Yugoslav General Convicted of Kosovo War Crimes Dies in Serbia

Yugoslav General Convicted of Kosovo War Crimes Dies in Serbia


Dragoljub Ojdanic, who was the chief of the general staff of the Yugoslav Army and served a sentence for crimes against Kosovo Albanians during the war in 1999, has died in Belgrade.

Senior Yugoslav Army officer Dragoljub Ojdanic died on Sunday in Belgrade at the age of 79 “after a short illness”, the Serbian defence ministry said in a statement.

The International Criminal Tribunal for the Former Yugoslavia sentenced Ojdanic to 15 years in prison in 2009 for aiding and abetting the deportation and forcible transfer of Kosovo Albanians during the war, when he was chief of the general staff of the Yugoslav Army.

According to the verdict, he “provided practical assistance, encouragement, and moral support to the VJ [Yugoslav Army] forces engaging in the forcible displacement of Kosovo Albanians in co-ordinated action with the MUP [Serbian Interior Ministry]”.

“He contributed by issuing orders for VJ participation in joint operations with the MUP in Kosovo during the NATO air campaign, by mobilising the forces of the VJ to participate in these operations, and by furnishing them with VJ military equipment,” verdict said.

“In addition to issuing orders allowing the VJ to be in the locations where the crimes were committed, he also refrained from taking effective measures at his disposal, such as specifically enquiring into the forcible displacements, despite his awareness of these incidents,” it added.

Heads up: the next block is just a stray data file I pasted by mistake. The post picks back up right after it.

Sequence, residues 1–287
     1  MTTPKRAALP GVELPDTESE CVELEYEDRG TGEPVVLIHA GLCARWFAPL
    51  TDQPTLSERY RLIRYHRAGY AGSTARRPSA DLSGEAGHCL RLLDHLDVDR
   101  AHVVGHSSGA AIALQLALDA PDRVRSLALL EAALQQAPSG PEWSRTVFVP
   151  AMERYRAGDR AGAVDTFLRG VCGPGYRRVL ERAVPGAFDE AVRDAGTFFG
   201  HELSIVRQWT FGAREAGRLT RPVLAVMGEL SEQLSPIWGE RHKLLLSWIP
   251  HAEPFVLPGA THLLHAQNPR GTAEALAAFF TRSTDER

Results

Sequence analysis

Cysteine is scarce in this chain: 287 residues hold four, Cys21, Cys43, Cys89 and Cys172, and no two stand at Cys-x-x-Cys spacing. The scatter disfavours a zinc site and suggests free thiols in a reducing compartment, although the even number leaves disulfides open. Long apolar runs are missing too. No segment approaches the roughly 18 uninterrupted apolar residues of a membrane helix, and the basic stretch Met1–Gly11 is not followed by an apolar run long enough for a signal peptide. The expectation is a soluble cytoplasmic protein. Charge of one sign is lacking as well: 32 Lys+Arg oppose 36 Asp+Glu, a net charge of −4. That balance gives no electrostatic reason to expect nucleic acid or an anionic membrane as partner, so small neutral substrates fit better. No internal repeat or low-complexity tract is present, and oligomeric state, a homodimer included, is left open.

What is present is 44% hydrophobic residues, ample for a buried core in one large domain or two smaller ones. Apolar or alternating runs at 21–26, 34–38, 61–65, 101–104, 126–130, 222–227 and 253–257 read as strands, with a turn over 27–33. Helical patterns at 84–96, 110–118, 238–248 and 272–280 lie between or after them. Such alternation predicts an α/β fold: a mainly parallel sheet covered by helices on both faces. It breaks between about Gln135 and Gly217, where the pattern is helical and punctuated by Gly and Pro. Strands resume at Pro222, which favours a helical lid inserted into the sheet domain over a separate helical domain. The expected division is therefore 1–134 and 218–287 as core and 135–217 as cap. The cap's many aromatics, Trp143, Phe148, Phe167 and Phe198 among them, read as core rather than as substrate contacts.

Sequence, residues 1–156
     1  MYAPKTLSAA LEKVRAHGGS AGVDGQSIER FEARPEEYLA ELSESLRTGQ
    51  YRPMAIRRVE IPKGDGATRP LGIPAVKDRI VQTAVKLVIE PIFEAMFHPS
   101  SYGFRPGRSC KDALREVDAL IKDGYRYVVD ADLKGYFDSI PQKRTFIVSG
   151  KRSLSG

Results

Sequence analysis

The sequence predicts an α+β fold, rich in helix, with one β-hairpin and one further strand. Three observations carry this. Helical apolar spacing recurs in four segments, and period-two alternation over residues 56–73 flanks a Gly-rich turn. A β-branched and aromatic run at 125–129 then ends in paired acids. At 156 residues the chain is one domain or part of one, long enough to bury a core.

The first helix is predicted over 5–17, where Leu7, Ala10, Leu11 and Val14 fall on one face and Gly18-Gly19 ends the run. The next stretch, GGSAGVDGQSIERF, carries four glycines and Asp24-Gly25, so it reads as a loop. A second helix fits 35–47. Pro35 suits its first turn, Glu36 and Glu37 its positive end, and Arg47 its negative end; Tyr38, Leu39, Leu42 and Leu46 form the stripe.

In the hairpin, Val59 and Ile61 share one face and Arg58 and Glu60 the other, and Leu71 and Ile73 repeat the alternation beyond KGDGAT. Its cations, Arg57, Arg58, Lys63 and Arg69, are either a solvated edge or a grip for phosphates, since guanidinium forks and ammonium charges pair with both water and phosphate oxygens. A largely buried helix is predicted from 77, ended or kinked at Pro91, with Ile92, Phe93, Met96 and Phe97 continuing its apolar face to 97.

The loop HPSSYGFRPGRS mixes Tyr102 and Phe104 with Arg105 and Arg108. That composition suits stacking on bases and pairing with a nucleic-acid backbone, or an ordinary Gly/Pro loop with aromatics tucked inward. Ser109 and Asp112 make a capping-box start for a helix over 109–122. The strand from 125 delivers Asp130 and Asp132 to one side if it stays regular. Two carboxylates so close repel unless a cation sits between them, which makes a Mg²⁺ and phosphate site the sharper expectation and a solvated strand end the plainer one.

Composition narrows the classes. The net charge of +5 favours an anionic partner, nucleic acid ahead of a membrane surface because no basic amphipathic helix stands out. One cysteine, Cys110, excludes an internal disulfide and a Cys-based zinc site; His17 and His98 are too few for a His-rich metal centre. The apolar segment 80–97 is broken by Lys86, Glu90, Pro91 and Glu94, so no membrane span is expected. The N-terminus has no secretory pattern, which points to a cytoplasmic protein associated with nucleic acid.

The indictment was issued in May 1999 and according to the verdict, after receiving it, “Ojdanic continued to issue orders… despite his knowledge of crimes being committed against Kosovo Albanians during previous joint operations”.

Ojdanic appealed against the verdict, but the Hague court announced in 2013 that he had dropped his legal challenge and admitted the crimes.

However, eight months later, when he was released after serving two-thirds of his sentence, Ojdanic withdrew his confession.

He spent over 11 years in prison but his official biography on the defence ministry website does not contain any information about the verdict or his sentence.

Ivana Zanic, executive director of the Humanitarian Law Centre, which monitors war crimes trials, said that this shows how war criminals are treated in Serbia.

“This maintains the public belief that when someone who has been convicted before the Hague Tribunal has served that sentence, it has nothing to do with him anymore so he can continue with his life with all the privileges that this country gives him,” Zanic told BIRN.

Prior to the Kosovo war, Ojdanic was commander of Uzice Corps of the Yugoslav Army, which participated in the Bosnian war.

After the war, Ojdanic become Yugoslavia’s federal defence minister for several months in 2000 and then retired at the end of the year.

Several other senior officials were charged with Kosovo crimes alongside him – former Serbian President Milan Milutinovic, former Yugoslav deputy prime minister Nikola Sainovic, former Yugoslav Army commander Nebojsa Pavkovic, former chief of staff of the army’s Pristina Corps, Vladimir Lazarevic, and the former head of the Serbian interior ministry for Kosovo, Sreten Lukic.

All of them except Milutinovic were convicted.